Over the years, both as a child and as an adult, I have always found it easy to make friends. This is despite (at least in my adult life) having the appearance of a less than outgoing or approachable person. It's not that I scowl at people or deliberately try to keep them at arm's length, but my mouth has in repose always turned down at the corners. I'm not typically unhappy or cheesed off, but I often appear to be so. Nevertheless, anyone who has had the courage to keep their options open and be interested enough to scratch beneath that particular surface has (at least to the best of my recollection) discovered somebody with whom it is fairly easy to have a friendship. Or, at least, that is what I have tended to believe.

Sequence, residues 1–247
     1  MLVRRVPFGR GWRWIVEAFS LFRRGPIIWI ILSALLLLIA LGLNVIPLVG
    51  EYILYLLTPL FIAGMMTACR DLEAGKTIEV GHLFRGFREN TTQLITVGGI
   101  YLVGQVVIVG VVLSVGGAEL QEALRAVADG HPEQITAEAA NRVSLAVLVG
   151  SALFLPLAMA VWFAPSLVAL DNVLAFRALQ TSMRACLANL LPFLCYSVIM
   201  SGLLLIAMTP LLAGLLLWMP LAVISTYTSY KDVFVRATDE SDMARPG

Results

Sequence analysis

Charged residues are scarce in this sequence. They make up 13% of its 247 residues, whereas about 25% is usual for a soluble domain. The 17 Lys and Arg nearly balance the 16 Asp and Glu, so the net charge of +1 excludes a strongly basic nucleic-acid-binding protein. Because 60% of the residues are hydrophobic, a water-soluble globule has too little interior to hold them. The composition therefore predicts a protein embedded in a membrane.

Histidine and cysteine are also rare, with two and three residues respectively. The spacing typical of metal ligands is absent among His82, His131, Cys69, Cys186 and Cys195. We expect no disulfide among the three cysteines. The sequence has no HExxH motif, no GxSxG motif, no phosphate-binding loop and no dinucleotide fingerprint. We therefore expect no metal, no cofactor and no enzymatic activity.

These days, I find myself second-guessing my previous impression of what was happening. It's a confusing jumble of memories which are filtered and focused and discarded or preferenced depending upon my mood in the moment of recollection, but the overall feeling I'm left with is one of, well...uneasiness. Did people really like me or were they just along for some sort of ride?
Some bluntness is called for to explain my position. Firstly, I'm sharing this because a) it's on my mind lately and b) I doubt that I'm alone in thinking this way, and hopefully my sharing this will touch a nerve elsewhere - and if it means someone else can identify with another human being's way of existing, the entire blog and its history has been worth it.